So why should you (and even Dr. Kevin) be concerned? Like it or not, academic medical centers and medical schools are the incubators from which major breakthroughs emerge and the major source of new physicians. As the authors of the study, while recognizing the limitations of their study, put it:
If, however, our data prove generalizable, today's medical students are interacting with faculty who have less time to teach them, who are increasingly discontent with their jobs, and who, especially among younger faculty, are increasingly depressed. Can such faculty be the role models they want to be, provide a quality educational experience, and be productive, let alone convey the excitement and privilege of caring for patients? And if faculty have less time for research, how will they continue to address the pressing needs for new clinical knowledge, achieve promotions, and to enhance their institutions with their experience and wisdom?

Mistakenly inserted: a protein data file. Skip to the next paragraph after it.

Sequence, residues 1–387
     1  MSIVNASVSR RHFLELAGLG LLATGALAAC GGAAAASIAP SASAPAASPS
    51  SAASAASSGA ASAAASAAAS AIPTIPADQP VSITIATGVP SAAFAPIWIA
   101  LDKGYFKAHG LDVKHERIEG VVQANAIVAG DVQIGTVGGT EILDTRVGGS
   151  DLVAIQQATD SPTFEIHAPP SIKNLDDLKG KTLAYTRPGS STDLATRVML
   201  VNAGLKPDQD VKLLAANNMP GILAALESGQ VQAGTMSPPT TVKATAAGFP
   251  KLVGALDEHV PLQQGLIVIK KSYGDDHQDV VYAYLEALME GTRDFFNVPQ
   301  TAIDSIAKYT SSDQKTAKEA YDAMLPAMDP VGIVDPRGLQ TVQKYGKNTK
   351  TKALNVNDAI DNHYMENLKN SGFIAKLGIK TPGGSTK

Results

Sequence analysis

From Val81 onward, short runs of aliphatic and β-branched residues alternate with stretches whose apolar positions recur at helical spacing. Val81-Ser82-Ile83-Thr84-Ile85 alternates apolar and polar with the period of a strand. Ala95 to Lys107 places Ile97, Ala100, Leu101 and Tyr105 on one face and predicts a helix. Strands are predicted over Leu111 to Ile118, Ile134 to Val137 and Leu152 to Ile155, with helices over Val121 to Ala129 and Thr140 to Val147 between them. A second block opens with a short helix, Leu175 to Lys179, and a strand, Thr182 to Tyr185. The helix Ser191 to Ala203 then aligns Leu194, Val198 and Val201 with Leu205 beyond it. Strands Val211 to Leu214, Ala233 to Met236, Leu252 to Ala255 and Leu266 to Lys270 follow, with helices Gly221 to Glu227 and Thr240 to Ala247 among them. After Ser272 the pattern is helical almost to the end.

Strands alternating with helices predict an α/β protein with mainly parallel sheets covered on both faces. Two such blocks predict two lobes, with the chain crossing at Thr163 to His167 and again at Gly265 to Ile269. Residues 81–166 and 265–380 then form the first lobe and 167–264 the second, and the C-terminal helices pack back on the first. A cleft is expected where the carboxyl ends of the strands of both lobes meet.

From my perspective, the bottom line is that much of academic medicine is becoming more and more like private practice, leaving physicians increasingly having to deal with all of the headaches of the "real world" in addition to the already formidable task of pursuing science and clinical research and taking care of the sickest patients. One of the attractions of academic medicine was that it partially insulated physicians from the financial and business aspect of medicine. It was a different, but, I would argue, no less arduous career than private practice. If it becomes more arduous than it already was because of financial pressures, more and more young physicians will eschew careers in academia, to the detriment of medical research and the training of the next generation of physicians.